This scene depicts an episode in the Jason myth that has not survived in the written record. Jason is being disgorged by a “dragon,” but the fact that he is released in the underworld known to be at the “end of the sea,” suggests the creature is a “sea serpent.” Here, at the edge of the world, resides the Golden Fleece. Standing next to Jason is Athena, who holds in her hand a dove. Athena is often associated with her owl, but in this scene she holds a different bird. It is an interesting contrast, as the dove in Greek art is most often associated with Aphrodite. For the Greeks, the dove was a symbol of both physical and spiritual love.

Because pure love was thought to be eternal, the dove also symbolized the eternal part of one’s being, i.e. the soul. In some Greek funerary urns the dove appears in the underworld where the deceased is drinking from the Fount of Memory. In other cultures the dove represented resurrection as it carried fresh sprigs for its nest at Springtime. This is certainly how the symbol is employed in the Noah story. The dove becomes a symbol of rebirth; its depiction with Athena, who is aiding Jason in the underworld, is well deserved. The final analysis appears to be that Jason is being reborn, and of course the underworld is the only place where that could happen. The Heracles myth follows suit, for his journey in the fish leads him also to the underworld where he seeks the secrets of rebirth.

This excursion into the symbol of the dove is of interest to our Old Testament tale simply because the name of Jonah means dove. Literally, Jonah is the dove that descends and is reborn from the underworld. The motifs are intact and consistent, and whether the Old Testament author borrowed from a pre-existing cultic milieu of imagery and theme, or whether this mise-en-scene already belonged to Hebrew culture, is irrelevant. The images of fish, dove, and underworld remain coherently attached to the oral cosmology of the age.

 All of this is made clear in Jonah chapter 2. Jonah is in the fish and descends to the bottom of the sea.

And said, I cried by reason of mine affliction unto the LORD, and he heard me; out of the belly of hell cried I, [and] thou heardest my voice. For thou hadst cast me into the deep, in the midst of the seas; and the floods compassed me about: all thy billows and thy waves passed over me. Then I said, I am cast out of thy sight; yet I will look again toward thy holy temple. […] I went down to the bottoms of the mountains; the earth with her bars [was] about me forever: yet hast thou brought up my life from corruption, O LORD my God. When my soul fainted within me I remembered the LORD: and my prayer came in unto thee, into thine holy temple. (2.2-4,6-7)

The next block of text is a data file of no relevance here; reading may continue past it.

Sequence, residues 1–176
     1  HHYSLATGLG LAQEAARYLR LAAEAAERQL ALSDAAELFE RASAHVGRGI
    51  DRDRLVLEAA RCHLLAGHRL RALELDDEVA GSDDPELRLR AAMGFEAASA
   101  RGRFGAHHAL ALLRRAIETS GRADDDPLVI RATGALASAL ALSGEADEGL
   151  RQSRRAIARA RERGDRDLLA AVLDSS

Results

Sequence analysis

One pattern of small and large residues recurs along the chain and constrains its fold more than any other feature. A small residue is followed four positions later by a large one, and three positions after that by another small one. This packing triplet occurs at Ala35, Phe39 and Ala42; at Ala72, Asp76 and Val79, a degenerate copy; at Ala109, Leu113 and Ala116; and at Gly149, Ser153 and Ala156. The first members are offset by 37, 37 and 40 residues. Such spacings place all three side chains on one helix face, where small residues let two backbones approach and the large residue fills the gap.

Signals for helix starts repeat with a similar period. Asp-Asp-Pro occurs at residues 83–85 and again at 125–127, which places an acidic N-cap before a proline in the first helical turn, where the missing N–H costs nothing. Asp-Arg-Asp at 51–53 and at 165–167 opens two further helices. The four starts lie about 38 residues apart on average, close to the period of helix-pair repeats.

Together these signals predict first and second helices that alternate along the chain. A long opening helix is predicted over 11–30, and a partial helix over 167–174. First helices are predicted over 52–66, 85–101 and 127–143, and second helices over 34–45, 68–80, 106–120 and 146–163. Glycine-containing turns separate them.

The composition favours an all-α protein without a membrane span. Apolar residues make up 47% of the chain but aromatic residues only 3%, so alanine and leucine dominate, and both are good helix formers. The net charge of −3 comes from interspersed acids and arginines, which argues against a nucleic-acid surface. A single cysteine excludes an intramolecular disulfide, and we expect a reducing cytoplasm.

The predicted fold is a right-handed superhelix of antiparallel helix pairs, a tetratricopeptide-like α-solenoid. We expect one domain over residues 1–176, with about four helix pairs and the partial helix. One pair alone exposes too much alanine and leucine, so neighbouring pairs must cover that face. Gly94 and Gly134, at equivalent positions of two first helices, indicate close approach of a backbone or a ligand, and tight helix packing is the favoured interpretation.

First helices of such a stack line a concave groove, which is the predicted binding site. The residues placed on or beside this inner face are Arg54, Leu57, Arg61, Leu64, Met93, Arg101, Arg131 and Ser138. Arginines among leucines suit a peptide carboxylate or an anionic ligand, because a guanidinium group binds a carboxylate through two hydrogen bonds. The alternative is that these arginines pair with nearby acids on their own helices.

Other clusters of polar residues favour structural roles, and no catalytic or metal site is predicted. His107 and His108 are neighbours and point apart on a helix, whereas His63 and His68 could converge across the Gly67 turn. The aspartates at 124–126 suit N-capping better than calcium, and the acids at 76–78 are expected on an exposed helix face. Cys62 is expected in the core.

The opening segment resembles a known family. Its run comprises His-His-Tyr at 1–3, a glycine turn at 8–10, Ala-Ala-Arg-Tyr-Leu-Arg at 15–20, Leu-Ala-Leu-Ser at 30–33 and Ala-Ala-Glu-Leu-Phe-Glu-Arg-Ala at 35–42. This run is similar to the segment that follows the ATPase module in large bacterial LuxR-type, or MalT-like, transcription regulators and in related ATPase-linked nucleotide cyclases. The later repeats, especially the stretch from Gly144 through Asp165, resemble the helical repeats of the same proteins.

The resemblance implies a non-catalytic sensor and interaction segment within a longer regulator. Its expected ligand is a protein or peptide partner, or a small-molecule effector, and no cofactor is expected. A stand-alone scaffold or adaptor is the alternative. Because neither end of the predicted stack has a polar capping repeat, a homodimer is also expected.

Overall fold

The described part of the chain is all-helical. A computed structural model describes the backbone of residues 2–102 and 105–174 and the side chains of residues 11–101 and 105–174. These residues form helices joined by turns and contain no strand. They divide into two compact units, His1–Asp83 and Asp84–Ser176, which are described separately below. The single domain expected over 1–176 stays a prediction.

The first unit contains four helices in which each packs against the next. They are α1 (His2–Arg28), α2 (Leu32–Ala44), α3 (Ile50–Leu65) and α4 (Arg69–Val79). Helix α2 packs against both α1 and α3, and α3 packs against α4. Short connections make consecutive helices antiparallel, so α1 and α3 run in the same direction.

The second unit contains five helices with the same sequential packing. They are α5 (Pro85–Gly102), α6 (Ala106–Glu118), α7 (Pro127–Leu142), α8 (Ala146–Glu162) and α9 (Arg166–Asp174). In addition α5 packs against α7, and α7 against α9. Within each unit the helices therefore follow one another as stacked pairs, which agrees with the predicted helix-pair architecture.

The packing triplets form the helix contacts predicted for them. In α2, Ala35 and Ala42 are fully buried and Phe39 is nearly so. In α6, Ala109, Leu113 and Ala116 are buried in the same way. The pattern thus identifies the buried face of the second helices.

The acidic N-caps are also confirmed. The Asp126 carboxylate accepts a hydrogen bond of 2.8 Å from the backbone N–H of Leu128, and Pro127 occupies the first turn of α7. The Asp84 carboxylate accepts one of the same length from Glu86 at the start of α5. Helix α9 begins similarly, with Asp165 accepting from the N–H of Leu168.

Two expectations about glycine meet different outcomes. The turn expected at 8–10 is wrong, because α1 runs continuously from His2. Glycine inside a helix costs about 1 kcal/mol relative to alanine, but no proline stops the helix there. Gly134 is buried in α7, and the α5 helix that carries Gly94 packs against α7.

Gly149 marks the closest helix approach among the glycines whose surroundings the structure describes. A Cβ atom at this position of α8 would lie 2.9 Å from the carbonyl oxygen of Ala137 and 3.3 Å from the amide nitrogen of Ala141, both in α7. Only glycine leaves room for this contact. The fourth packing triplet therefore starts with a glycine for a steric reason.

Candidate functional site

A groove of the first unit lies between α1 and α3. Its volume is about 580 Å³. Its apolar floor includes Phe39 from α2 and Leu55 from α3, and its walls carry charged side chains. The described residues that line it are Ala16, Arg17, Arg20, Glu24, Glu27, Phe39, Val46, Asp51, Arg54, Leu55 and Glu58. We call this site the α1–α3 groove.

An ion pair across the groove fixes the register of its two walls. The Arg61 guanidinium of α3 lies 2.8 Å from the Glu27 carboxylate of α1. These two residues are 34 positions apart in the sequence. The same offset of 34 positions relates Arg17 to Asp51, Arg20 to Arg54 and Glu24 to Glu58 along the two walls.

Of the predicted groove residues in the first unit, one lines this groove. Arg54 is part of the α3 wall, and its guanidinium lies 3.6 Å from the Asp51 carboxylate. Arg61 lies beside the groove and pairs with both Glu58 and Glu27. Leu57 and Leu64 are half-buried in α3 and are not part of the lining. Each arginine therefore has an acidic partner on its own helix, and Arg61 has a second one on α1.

The highlighted phrases are worth noting. In Hebrew, the word for belly can also signify “womb.” The word translated as “hell” is actually Sheol, or the Hebrew underworld. The phrase could thus be translated “from the womb of the underworld.” The belly of the fish is just such a place. Noah is cast into the deep and at the bottoms of the mountains. This is imagery of the underworld. In ancient cosmology the universe was three tiered: heaven, earth, and underworld. The underworld was not just the realm of darkness and death (it was that), but really it was the generative matrix from which living things came. It was the dark soil that sprouted the seed. So, when you died, you did descend into horrifying darkness, but in many traditions the underworld was the source of all life and therefore the realm where one could learn the secrets of eternal life.

It turns out the Hebrews did not believe in an afterlife until very late (post Exile period). At least, that is what the scholars tell us; this because there are no surviving sources that would inform us otherwise. It does not matter. Jonah is an 8th century BCE prophet, though the book of Jonah probably was not written until the 6th or 5th century BCE. In either time frame the cosmology of the story of Jonah, i.e. descending to the underworld to be reborn, is intact. The only question becomes, does the story implicate any belief in an afterlife? Technically speaking, the answer is “no.” Jonah’s rebirth is one of office and purpose. He goes into the underworld a fleeing man and reemerges from the underworld a powerful prophet who speaks directly in the name of God. His rebirth, therefore, is an initiation into the office of a seer.

But the cosmology is central to the ordination of this prophet. It is truly fascinating to find that both the Talmud and Midrash reveal that when Jonah is in the belly of the whale he is actually said to be underneath the altar of the temple. In the above cited hymn, Jonah prays for deliverance by orienting himself towards the temple. Indeed, two images remain prominent in Jonah’s ordination song: the underworld and the temple. This is appropriate as in fact there was thought to be a chamber or chasm underneath the altar in the Hebrew Holy of Holies where the abyss of the underworld resided. This cavern or abyss was called the “Well of Souls.” The Talmud’s depiction is to the point, for only under the temple altar was there a passage to the secrets an ordinations of life and death.